Mad witches and resignations

THE year had barely begun when Immigration Minister Peter Dutton was forced to publicly apologise for calling a female journalist a "mad f**king witch" in a text message.

There would have been no issue except the controversial MP accidentally sent it to reporter Samantha Maiden herself, rather than to its intended recipient, minister Jamie Briggs.

Mr Briggs was embroiled in his own fair share of controversy, soon forced to resign from the ministry over a late-night incident with a public servant on an official visit to Hong Kong.

A few months earlier Mr Briggs injured himself during a party in Tony Abbott's office the night he was ousted as prime minister.

Mr Briggs was photographed being pushed around in a wheelchair the following day.

Minutes after Mr Briggs announced he was stepping down from the ministry, fellow Liberal MP Mal Brough stood aside as well, pending a police investigation into claims he copied Peter Slipper's diaries.

He did not recontest his seat at the July election.

Mr Briggs lost his seat at the election with a swing of almost 19% to independent MP Nick Xenophon's team.

Conservative revolution

LIBERAL Senator Cory Bernardi emerged as a figurehead for right-wing Australian politics. And showed he was not afraid to criticise his own party.

Sen Bernardi launched the Australian Conservatives in a reaction to the Liberals' perceived snubbing of its conservative base following Malcolm Turnbull's rise to party leader.

 

Conservative Senator Cory Bernardi arrives for a Liberal Party meeting in Canberra in July.
Conservative Senator Cory Bernardi arrives for a Liberal Party meeting in Canberra in July. ANDREW TAYLOR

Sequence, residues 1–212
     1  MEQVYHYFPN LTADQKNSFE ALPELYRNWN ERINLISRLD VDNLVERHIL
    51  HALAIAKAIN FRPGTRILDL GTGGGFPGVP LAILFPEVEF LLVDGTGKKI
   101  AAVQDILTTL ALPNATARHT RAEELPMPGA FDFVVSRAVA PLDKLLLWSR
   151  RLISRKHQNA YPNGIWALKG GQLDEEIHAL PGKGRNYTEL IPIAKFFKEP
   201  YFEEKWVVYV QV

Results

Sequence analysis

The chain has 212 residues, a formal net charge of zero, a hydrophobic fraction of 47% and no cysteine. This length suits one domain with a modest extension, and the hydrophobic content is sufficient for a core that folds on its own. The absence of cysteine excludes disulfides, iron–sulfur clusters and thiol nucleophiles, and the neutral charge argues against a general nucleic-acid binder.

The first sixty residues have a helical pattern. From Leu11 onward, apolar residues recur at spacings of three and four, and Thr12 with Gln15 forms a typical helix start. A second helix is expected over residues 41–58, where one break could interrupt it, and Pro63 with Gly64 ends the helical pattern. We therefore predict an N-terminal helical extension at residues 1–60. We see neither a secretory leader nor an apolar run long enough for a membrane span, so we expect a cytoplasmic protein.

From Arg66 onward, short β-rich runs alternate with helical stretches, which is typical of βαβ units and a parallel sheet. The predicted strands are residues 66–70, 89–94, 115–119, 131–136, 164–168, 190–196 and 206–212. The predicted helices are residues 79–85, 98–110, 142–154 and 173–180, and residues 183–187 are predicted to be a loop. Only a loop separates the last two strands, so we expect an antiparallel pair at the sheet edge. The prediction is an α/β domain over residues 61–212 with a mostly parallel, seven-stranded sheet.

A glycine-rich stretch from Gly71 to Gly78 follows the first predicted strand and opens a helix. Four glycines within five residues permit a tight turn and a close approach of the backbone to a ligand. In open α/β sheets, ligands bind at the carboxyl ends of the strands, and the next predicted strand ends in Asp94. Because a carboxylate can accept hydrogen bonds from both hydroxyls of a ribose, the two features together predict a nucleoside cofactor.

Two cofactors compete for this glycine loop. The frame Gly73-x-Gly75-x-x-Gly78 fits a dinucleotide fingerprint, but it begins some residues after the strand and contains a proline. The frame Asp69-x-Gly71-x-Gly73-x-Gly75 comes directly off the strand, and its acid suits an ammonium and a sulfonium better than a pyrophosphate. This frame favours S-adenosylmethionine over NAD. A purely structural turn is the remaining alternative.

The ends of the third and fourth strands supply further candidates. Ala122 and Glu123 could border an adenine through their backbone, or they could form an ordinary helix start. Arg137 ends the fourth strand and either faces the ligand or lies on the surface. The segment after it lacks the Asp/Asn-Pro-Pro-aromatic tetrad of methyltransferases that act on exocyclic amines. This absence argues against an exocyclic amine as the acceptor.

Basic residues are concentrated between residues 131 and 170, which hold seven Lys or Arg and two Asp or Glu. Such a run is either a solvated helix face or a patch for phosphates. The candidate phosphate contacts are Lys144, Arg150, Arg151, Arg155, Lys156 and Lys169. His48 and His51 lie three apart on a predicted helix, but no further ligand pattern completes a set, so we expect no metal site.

It was not a splinter party but a group for like-minded right-wingers meant to rival progressive group GetUp! - although there was speculation Sen Bernardi was priming himself for an eventual split from the Liberals.

The group had more than 50,000 members within a month of being established, Sen Bernardi claimed.

He made headlines donning a Donald Trump-style "Make Australia Great Again" hat in a photo on social media, and recently announced he and Queensland Nationals MP George Christensen would help raise funds for an anti-Islamic group fighting a defamation case brought by a halal certifier.

Lambie's bloody oaths

INDEPENDENT Senator Jacqui Lambie made an impassioned but also very weird Australia Day video imploring Aussies to recite the country's "Oath of Allegiance".

She let loose while dressed in a sequined Australian flag singlet and a similarly themed feather hat.

"From this time forward under God, I'll pledge my loyalty to Australia and its peoples, whose democratic beliefs I share, whose rights liberties I respect, and whose laws I will uphold and obey," she said.

"Remember, if you don't like our laws, equality for all including women, gay and indigenous people, there are plenty of other countries to choose from."

Problem was, what she reciting was the Citizen's Pledge, read by those receiving their Australian citizenship, not the Oath of Allegiance.

 

Tasmanian Senator Jacqui Lambie after One Nation Senator Malcolm Roberts makes his maiden speech in the Senate at Parliament House in Canberra.
Tasmanian Senator Jacqui Lambie after One Nation Senator Malcolm Roberts makes his maiden speech in the Senate at Parliament House in Canberra. MICK TSIKAS

The outspoken senator sure had a way with words, though.

In September, she made a speech comparing Senator Bernardi to an "angry prostitute".